Appellate Judge Dan Mancini never realized that Chief Miles O'Brien was such a bastard.
"She was born a whore. She'll die a whore."—Roland Cain
Claire Dolan (Katrin Cartlidge, From Hell) is a high-priced call girl, but not by choice. She's on the hook to a restaurateur/gangster named Roland Cain (Colm Meaney, Star Trek: Deep Space Nine) who seethes with menace between a calm and kind surface. Both Claire and Cain are Irish transplants, living in the steel, stone, and glass canyons of Manhattan. When Claire's mother dies of a brain tumor, she hides it from Cain for reasons that aren't immediately clear. She tries leaving prostitution to become a hairdresser but can't escape her obligations. When her cab driver boyfriend, Elton Garrett (Vincent D'Onofrio, Men in Black), discovers her secret life, he tries to help her out of debt. Unfortunately, emotional attachments are tenuous in Claire's world. She soon enough discovers that self-reliance is her only hope, but not before becoming pregnant with Elton's baby.
The second picture by indie filmmaker Lodge H. Kerrigan (Clean, Shaven), Claire Dolan demands that a viewer acclimate to its rhythms. For the first ten minutes or so, I thought I was watching a cheap, straight-to-video erotic thriller pretending to be an art film. It seemed to have the same ugly mix of wooden acting and tawdry sex one can dial up during late night and early morning hours on Cinemax. But a funny thing happened. Claire Dolan began to grow on me. Its flat affect was intentional, the performances of its actors excellent.
The late Katrin Cartlidge is particularly impressive in the title role. Her tight, angular beauty appears custom-built for the role of Dolan, a woman who is pitiful in her acts of sexual aggression, careening through life with a white-knuckle grip on her own sanity. There's an animal ferocity about the woman that emerges from the picture's themes of exposure and paranoia. Dolan behaves as though she's always being watched, trailed, threatened. Kerrigan—as noted by Michael Atkinson in his insightful liner notes—frames her in bare windows, and knits his cityscape together with numerous shots of Manhattan's mostly glass skyscrapers. One feels that Dolan's actions are always exposed to the eyes of the watching city, to strangers. Indeed, the men of the film are uniformly predators. And Dolan acts like prey: Her eyes constantly dart toward the spaces off screen, as though she's expecting to be attacked at any time. Kerrigan's careful visual and thematic construction results in a contradiction of sorts: a smothering claustrophobia and sense of dread in an environment replete with sunny windows.
Above all, the picture is a meditation on the soul-deadening consequences of sexual exploitation. Though made by a man, it's almost a feminist rumination on capitalism as the ultimate weapon of male sexual aggression. The sex scenes are frequent and graphic, but not particularly explicit. Dolan throws herself into her liaisons with a voraciousness that suggests she's trying to use her body to shield her wounded soul, or to somehow damage the men who victimize her. Kerrigan walks a very fine line in the construction of these sequences, but does so with much success. They're controlled, restrained, full of sublimated emotion, and genuinely erotic. Dolan's sexual demeanor is a weird mixture of boredom, humiliation, professionalism, crass manipulation, and honest-to-goodness pleasure. The scenes are both depressing and, in an odd way, hot.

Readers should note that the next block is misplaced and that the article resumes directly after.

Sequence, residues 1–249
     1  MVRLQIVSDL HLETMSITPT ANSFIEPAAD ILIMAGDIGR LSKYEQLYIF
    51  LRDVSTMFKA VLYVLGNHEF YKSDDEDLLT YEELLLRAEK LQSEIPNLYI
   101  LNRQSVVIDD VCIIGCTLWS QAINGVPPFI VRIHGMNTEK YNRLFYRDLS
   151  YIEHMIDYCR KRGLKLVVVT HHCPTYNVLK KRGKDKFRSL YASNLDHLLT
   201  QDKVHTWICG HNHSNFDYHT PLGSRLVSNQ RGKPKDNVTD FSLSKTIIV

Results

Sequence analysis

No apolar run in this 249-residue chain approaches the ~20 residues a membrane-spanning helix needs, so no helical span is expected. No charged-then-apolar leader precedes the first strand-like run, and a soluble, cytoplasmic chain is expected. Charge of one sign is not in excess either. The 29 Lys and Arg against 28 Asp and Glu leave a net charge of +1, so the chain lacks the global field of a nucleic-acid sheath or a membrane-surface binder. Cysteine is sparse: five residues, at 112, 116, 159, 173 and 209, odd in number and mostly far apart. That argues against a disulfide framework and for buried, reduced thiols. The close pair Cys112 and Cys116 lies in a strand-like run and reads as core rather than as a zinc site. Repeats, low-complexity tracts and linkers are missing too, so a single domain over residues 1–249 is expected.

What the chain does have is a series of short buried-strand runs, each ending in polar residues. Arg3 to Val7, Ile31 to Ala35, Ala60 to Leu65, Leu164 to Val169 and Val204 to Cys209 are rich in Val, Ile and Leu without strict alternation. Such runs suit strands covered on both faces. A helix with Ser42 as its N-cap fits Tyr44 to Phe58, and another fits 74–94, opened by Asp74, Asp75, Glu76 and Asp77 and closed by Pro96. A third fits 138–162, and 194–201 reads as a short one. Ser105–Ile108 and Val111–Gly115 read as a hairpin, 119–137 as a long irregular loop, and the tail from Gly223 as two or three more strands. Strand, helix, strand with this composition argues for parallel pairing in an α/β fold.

Cain (excellently played by Colm Meaney) is the most menacing and two-faced of all of the characters. Yet he is the one man in the film with whom Dolan has no sexual relationship. Their connection is purely business—the power of the almighty dollar is the true engine of Dolan's sexual degradation. Garrett is Cain's opposite number, the one man whose sexual connection to Dolan is tender, and not an exchange of goods and services—or so it would seem. The picture's great gut-punch to both Claire Dolan and its audience is the revelation that Cain and Garrett aren't as different as we'd assumed. As a matter of fact, they're much alike. The entwining of sex, money, and power is a fundamental flaw of men's souls. And women suffer the consequences of that flaw.
The DVD transfer is mostly clean with accurate colors. Unfortunately, it's marred by excessive edge enhancement—a common flaw of New Yorker releases. A few of the scenes even manage to be slightly soft and edgy. I'm not sure how, but they do. The stereo audio is clean, and perfectly suitable for the low-budget source.
Supplements include a nine-minute audio introduction by Kent Jones, Associate Director of Programming for the Film Society of Lincoln Center. His talk is set to a slideshow of still images from the film. It's a solid piece of analysis, though Jones's comparisons of the film to the works of Mamet and Pinter are a little overblown. The only other extra on the disc is a trailer for the film.
A fold-out insert inside the case contains an interview with Cartlidge (who died tragically and unexpectedly of complications from pneumonia in 2002) conducted by critic Prairie Miller, and a brief essay called "Claire Dolan: Sex, Nausea and One-Way Mirrors" by Village Voice film critic Michael Atkinson.
Claire Dolan is exactly what Lodge Kerrigan intended it to be: a cold, depressing, nihilistic little indie art film. If you're inclined to curl up with cold, depressing, nihilistic little indie art films, give it a spin.
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Scales of Justice
Studio: New Yorker Films
• Audio Introduction by Kent Jones
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